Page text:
General Motors announced a sharp drop in third-quarter US sales on Friday as the global semiconductor crunch depletes dealerships of auto supply in the midst of still-solid customer demand.
The large US automaker depicted auto inventories as “historically low” after months of restricted semiconductor supply, which has prompted manufacturing blackouts and cuts all through its plant network.
GM announced third-quarter sales of 446,997 in the United States, down very nearly a third from the year-ago period.
In the latest quarter, the chip lack was exacerbated by a surge in Covid-19 cases in Malaysia, which is home to key semiconductor capacity.
Yet, Steve Carlisle, executive VP of GM North America, said the issues with chips “are improving” and that it anticipates a “more stable operating environment through the fall.”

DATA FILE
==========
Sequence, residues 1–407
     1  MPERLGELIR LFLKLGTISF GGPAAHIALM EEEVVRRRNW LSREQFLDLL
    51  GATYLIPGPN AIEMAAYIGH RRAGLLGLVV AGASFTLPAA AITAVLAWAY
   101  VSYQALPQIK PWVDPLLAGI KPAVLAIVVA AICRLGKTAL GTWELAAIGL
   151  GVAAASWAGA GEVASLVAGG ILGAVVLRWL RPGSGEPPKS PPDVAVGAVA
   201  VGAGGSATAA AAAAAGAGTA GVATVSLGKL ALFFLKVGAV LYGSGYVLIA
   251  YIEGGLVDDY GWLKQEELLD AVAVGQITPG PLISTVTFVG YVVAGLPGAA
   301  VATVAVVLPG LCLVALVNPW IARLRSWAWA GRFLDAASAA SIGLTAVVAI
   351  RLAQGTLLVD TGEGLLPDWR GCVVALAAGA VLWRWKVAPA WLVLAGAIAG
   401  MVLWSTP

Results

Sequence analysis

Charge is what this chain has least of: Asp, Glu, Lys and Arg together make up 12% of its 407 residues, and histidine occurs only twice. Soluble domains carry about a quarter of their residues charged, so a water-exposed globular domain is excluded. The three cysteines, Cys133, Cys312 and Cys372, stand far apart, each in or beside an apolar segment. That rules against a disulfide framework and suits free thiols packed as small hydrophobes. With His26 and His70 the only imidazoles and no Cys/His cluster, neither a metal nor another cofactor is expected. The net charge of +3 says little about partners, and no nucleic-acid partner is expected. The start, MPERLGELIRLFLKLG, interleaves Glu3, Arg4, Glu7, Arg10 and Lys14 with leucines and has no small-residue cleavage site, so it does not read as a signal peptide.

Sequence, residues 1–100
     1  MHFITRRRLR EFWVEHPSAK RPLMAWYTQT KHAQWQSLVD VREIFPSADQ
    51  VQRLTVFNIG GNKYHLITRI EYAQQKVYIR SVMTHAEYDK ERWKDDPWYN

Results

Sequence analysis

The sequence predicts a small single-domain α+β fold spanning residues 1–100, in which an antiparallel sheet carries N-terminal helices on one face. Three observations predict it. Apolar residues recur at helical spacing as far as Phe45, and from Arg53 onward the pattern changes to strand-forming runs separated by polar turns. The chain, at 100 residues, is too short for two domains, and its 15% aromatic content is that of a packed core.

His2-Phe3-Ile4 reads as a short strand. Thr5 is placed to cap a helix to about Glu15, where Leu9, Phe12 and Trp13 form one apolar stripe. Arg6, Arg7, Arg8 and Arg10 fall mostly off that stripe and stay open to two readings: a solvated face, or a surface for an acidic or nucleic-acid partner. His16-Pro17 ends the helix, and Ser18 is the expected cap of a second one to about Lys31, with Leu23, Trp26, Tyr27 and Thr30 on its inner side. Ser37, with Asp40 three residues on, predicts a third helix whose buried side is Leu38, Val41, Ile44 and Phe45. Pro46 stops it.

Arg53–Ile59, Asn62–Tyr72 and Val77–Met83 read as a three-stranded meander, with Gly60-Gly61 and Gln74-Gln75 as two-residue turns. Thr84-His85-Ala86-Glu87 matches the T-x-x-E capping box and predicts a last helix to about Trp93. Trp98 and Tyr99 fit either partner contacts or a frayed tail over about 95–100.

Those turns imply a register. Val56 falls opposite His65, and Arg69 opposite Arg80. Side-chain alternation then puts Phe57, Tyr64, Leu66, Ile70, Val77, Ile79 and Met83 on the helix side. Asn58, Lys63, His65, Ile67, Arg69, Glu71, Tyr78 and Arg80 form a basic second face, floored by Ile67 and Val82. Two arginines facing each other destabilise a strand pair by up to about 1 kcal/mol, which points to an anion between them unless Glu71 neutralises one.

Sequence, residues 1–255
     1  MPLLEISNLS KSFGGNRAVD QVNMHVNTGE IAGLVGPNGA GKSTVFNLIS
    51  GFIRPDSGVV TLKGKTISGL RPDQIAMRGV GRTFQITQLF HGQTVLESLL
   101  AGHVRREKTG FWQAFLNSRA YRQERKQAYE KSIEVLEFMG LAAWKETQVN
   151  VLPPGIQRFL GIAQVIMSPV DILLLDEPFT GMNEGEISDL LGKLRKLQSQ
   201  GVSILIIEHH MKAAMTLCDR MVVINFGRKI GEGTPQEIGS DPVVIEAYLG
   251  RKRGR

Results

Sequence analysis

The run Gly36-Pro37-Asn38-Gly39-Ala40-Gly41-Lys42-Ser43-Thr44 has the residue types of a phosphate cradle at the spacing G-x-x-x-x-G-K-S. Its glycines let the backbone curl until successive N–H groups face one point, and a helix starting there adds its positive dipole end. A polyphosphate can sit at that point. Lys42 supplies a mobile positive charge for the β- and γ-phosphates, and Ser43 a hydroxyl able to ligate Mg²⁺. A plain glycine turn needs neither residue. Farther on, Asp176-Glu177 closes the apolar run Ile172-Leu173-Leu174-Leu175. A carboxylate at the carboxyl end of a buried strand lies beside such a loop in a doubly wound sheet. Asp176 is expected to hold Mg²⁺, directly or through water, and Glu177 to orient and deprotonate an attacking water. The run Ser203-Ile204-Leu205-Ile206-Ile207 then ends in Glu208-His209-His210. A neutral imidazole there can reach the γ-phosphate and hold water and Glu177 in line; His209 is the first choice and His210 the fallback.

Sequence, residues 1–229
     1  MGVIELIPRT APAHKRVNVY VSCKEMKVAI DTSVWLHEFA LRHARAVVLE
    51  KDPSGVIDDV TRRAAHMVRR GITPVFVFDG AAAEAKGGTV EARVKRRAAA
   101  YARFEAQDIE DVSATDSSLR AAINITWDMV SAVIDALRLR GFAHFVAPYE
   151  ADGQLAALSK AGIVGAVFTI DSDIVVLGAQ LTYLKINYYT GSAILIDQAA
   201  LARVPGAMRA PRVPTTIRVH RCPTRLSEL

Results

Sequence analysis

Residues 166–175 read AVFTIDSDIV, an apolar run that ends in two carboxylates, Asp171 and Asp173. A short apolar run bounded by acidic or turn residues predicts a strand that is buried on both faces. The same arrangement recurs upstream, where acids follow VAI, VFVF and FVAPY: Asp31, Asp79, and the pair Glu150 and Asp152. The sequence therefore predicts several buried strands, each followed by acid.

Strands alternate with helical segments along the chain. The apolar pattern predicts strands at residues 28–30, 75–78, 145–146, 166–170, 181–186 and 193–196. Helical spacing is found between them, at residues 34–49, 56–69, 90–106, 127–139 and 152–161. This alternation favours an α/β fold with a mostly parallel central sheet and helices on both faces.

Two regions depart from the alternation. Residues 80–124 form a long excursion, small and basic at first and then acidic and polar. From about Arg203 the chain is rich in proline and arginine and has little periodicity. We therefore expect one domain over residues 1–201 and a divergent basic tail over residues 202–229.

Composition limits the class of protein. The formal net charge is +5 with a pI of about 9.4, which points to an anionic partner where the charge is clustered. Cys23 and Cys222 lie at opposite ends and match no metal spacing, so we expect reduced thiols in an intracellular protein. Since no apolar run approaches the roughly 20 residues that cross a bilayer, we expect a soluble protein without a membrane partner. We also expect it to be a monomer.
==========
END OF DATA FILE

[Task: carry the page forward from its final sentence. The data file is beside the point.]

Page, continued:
One potential gain of the supply crunch for automakers has been rising vehicle costs, which can assist with offset some of the pain from lower sales.
In the second from last quarter, GM’s average vehicle costs was $47,467, up just about 32% from the same period in 2018.
“While supply has been constraining sales in recent months, underlying demand conditions remain strong, thanks to ample job openings, growing pent-up vehicle demand and excess savings accumulated by many households during the pandemic,” said GM Chief Economist Elaine Buckberg.
“We expect to continue selling every vehicle we can produce with rapid turnover.”
Shares of GM fell 0.2 percent to $52.63 in morning trading.